• Ep 49 Six Positive Aspects of a Celiac Diagnosis

    Let’s start the blog with the Show Notes for this episode:

    This week I spoke about an article I wrote for the Winter 2018 Issue of Gluten-free Canada.  I chat about the article, read some excerpts and add some extra thoughts.  This magazine can be read online at –

    Magazine Issues

    Enjoy a free electronic copy of Gluten-Free Canada by selecting the issue you’d like to read below: Winter 2018 Issue

    Sue’s Websites and Social Media

    Podcast https://acanadianceliacpodcast.libsyn.com

    Podcast Blog – https://www.acanadianceliacblog.com

    Facebook – @acanadianceliacpodcast

    Twitter – CeliacPodcastCA

    Email – acdnceliacpodcast@gmail.com

    Baking Website – https://www.suesglutenfreebaking.com

    Instagram – @suesgfbaking

    YouTube – https://www.youtube.com/playlist?list=PLUVGfpD4eJwwSc_YjkGagza06yYe3ApzL

         (search Sues Gluten Free Baking)

    Email – sue@suesglutenfreebaking.com

    New Podcast – Gluten Free Weigh In – https://glutenfreeweighin.libsyn.com

    My Thoughts

    We often hear that stress is dangerous for our health.  Sometimes we can’t avoid stress, and yes, sometimes it does take over our lives in a negative manner.  There are times when stress can be avoided or diminished by a positive attitude.  I admit that at first when I was diagnosed with celiac disease, I didn’t have a good attitude.  Most of us go through a period of mourning for the food experiences we can no longer have.  I felt very alone, and in some way didn’t feel I deserved the extra effort it took to make healthy flavourful gluten free foods.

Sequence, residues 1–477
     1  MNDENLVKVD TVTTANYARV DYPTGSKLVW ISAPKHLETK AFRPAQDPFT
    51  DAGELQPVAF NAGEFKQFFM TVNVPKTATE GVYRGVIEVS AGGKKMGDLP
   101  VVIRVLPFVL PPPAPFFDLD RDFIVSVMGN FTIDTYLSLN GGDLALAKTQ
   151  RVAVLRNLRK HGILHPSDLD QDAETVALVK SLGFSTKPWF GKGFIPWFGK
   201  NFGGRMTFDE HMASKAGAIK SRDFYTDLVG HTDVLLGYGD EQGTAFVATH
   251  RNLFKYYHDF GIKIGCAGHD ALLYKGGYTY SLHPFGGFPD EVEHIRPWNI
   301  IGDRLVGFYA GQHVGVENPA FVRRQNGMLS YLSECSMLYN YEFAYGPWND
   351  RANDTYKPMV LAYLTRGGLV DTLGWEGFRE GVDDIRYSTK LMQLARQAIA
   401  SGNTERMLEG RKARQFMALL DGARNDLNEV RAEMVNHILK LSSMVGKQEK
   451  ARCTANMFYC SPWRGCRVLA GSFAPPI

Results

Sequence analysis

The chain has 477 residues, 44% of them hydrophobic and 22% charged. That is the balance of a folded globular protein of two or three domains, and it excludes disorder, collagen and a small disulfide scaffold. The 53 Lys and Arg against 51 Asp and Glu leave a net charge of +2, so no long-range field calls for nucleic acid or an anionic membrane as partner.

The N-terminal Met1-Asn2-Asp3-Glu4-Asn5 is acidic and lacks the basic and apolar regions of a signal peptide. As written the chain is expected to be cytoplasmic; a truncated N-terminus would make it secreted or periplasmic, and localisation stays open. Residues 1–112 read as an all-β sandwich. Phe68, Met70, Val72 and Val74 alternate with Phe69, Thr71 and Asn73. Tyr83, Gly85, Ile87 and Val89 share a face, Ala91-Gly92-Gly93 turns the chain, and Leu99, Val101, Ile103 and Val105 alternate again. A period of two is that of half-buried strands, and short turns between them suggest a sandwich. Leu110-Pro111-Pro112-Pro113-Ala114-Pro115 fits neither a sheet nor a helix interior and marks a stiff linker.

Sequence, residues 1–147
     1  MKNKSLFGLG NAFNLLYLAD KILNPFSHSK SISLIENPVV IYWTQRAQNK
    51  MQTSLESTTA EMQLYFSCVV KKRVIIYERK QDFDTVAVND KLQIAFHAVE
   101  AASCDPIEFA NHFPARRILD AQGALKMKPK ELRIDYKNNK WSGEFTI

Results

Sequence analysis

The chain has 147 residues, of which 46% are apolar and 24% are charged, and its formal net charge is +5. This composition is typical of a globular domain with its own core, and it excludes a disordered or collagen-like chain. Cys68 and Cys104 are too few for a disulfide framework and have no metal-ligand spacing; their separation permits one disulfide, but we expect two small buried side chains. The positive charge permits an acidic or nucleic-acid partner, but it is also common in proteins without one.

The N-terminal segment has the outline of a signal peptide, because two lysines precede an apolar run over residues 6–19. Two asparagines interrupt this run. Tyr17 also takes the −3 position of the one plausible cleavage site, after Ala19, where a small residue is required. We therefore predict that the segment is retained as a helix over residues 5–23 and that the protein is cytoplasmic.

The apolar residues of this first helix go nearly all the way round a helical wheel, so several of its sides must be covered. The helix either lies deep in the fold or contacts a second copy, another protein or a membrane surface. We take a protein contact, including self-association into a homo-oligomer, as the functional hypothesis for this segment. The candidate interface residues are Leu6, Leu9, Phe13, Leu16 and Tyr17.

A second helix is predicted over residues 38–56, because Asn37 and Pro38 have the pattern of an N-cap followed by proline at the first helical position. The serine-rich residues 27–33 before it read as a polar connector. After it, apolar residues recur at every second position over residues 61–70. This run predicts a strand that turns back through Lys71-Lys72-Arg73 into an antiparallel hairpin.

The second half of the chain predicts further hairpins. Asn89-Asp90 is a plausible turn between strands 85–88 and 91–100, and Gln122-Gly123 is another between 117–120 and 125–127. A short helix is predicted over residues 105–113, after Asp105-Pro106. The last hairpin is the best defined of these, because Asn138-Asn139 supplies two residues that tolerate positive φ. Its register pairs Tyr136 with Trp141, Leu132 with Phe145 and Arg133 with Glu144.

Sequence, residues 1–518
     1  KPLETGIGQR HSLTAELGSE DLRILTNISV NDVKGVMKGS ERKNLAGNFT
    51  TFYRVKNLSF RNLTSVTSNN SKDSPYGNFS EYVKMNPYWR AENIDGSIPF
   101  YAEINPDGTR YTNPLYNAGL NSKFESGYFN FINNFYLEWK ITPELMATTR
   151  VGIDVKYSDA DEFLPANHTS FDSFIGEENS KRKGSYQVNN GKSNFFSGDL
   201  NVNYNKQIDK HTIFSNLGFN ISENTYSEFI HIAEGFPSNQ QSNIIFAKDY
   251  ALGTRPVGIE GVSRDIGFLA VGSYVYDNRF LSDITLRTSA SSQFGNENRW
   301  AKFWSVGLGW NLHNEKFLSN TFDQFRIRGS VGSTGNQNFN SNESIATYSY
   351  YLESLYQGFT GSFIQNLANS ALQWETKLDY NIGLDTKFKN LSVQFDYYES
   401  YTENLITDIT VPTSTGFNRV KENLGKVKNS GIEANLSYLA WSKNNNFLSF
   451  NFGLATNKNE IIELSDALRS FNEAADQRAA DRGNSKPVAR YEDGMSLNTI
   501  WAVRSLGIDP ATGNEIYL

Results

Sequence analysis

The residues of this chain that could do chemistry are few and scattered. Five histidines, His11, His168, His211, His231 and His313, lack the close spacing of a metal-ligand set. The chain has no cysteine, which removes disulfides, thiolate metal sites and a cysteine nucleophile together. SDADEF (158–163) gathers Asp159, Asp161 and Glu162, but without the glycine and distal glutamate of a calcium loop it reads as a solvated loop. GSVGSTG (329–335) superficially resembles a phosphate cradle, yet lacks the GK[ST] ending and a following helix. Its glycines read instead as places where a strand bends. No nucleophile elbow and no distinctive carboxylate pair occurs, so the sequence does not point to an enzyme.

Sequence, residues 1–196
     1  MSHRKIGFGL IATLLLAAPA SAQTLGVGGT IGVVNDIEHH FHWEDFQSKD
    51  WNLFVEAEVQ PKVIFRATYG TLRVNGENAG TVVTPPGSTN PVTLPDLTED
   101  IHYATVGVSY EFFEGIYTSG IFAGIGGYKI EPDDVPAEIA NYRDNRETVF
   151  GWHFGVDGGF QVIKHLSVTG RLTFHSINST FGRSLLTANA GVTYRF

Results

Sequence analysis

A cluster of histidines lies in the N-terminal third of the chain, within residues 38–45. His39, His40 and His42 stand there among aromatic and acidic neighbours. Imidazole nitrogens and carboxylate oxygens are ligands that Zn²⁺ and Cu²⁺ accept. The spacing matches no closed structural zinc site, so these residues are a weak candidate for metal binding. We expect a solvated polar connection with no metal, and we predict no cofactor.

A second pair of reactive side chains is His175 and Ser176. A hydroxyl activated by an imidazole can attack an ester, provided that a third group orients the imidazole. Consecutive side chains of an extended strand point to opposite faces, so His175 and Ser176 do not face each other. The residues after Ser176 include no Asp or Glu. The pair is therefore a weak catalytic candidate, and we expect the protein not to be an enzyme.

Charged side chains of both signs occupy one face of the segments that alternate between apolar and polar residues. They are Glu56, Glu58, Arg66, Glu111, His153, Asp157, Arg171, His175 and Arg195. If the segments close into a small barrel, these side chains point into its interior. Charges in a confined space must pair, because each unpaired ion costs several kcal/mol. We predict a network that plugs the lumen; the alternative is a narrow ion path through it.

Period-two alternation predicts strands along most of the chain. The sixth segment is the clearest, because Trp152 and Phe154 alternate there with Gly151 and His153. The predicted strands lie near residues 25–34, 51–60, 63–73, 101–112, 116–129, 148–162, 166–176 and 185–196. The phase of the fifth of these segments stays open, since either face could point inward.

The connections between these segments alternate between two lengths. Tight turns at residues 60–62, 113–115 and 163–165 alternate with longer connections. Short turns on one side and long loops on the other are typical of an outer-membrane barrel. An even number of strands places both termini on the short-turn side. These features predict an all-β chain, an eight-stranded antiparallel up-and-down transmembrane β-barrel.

That all changed when my daughter was diagnosed 5 months later.  For her, I would go to any length to make the best tasting, most nutritious gluten free foods.  I was on a mission.

    I don’t think my story is uncommon, and I only tell it now, in light of the soul searching I did when I challenged myself to write an article on the positive aspects of a celiac diagnosis.  Most of us, at the time, don’t think of that moment as a high point in our lives, but on reflection, for me, that’s just what it was.  I cope pretty well on my diet, amongst my friends and family, and with the stresses of life.  I rely on my gluten free diet to keep me healthy and nourished.  I work with my diet, not against it.  We do pretty well together – my positive attitude at work.

  • Ep 48 GFreeWifey Talks About Food Banks

    Let’s start the blog with the Show Notes for this episode:

    This week I spoke with Jessica Danford whose online presence as GFREEWIFEY is well known at least amongst those from the Toronto area.  Over this past year, she has begun a program to donate gluten free food to public food banks.  This may sound simple, but it involves education of both management and volunteers at each food bank as well as mounting campaigns to have safe gluten free food donated to the food banks willing to handle it.

    To this end, Jess has set up a GoFundMe page for donations at www.gofundme.com/gfreewifeyfoodbank

    She can be found online at – www.gfreewifey.com

    To be kept up to date on her projects, including the Community Cook Book sign up for her mailing list at http://eepurl.com/dsgyor

    Facebook https://www.facebook.com/Gfreewifey/

    Instagram – GFREEWIFEY

    YouTubehttp://bit.ly/GFWifeyYOUTUBE

    You can also email Jess at –

    jess@gfreewifey.com

    Sue’s Websites and Social Media

    Podcast https://acanadianceliacpodcast.libsyn.com

    Podcast Blog – https://www.acanadianceliacblog.com

    Facebook – @acanadianceliacpodcast

    Twitter – CeliacPodcastCA

    Email – acdnceliacpodcast@gmail.com

    Baking Website – https://www.suesglutenfreebaking.com

    Instagram – @suesgfbaking

    YouTube – https://www.youtube.com/playlist?list=PLUVGfpD4eJwwSc_YjkGagza06yYe3ApzL

    (search Sues Gluten Free Baking)

    Email – sue@suesglutenfreebaking.com

    New Podcast – Gluten Free Weigh In – https://glutenfreeweighin.libsyn.com

     

    My Thoughts

    I suspect, like me, you receive many letters and personalized “asks” for money and assistance from numerous charitable organizations.  For the most part these organizations are well meaning and use the donated funds in responsible ways to better the cause they are set up for.  Many of us can look on these charities as worthwhile, and at the same time do not donate time or money to them.